Educating Judges and Lawyers in Behavioral Research: A Case Study
27 Pages Posted: 29 Sep 2017 Last revised: 20 Jul 2018
Date Written: September 29, 2017
The behavioral sciences play a significant role in shaping the law. Yet, despite their importance, many judges and lawyers harbor serious misconceptions about behavioral research. This Article uses a “case study” — a motion hearing in a criminal case — to educate judges and lawyers in several important behavioral-research concepts.
At the motion hearing, the defense lawyer asked the trial judge to modify the pattern jury instruction on the state’s burden of proof. In support of his motion, he cited two behavioral studies. The studies demonstrated that the objectionable part of the pattern instruction — its closing mandate to jurors “not to search for doubt” but “to search for the truth” — lowered the burden of proof below the reasonable-doubt standard. Nonetheless, based on several misconceptions about behavioral research, the judge denied the defense lawyer’s motion.
This Article briefly describes the two behavioral studies cited by the defense lawyer. It then identifies and debunks each of the judge’s criticisms of the studies and discusses confirmation bias as a likely contributor to the judge’s erroneous thinking. The Article then discusses the role of behavioral sciences in legal decision-making and argues that, when change is warranted, judges should not cling to the status quo simply out of “blind imitation of the past.” It then presents a standard framework for assessing the validity of behavioral research, and applies this framework to the two studies that the judge rejected.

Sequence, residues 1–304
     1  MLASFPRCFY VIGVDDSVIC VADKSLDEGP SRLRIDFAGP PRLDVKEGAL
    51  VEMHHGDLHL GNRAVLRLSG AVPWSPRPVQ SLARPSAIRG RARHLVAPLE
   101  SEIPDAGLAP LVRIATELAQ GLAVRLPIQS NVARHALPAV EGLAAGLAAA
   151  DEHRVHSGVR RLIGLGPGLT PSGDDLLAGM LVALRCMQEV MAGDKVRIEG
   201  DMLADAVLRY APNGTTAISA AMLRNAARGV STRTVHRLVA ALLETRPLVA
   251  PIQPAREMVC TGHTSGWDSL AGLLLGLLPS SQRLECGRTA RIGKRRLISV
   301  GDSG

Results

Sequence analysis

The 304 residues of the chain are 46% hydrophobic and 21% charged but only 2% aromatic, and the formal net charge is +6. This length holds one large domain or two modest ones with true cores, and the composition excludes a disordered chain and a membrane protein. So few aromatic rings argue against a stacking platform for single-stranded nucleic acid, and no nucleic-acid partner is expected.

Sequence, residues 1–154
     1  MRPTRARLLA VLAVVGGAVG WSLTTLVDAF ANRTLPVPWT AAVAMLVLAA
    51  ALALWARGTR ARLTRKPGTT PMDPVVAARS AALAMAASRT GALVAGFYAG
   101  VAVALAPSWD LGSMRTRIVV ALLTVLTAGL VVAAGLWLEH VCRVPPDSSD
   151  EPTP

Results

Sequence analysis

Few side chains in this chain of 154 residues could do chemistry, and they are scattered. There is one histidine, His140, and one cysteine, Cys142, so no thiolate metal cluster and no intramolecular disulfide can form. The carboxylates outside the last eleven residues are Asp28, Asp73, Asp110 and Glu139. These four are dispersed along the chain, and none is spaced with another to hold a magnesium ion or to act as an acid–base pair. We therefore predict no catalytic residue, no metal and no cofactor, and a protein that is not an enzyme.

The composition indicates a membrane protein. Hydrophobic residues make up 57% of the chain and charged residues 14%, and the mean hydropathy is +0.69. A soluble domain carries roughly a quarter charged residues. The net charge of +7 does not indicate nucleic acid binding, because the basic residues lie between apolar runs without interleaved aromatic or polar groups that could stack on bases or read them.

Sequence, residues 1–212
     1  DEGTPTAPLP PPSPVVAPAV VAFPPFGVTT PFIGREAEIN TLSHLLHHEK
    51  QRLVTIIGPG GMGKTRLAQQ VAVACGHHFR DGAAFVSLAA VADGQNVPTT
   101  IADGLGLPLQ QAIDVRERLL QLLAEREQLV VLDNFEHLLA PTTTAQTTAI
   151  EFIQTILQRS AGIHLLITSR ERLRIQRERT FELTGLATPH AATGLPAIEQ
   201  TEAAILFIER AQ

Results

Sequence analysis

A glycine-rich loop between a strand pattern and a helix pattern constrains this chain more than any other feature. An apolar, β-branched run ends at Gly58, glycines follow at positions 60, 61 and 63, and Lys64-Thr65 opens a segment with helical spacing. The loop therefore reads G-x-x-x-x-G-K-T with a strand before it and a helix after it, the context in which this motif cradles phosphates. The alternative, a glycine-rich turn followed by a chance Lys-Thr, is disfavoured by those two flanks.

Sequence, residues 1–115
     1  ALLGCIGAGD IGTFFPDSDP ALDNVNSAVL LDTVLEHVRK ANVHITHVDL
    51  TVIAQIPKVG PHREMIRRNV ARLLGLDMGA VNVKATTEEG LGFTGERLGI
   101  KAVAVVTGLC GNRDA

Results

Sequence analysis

Keywords: Behavioral Research, Social Science, Law, Jury Instructions, Burden of Proof
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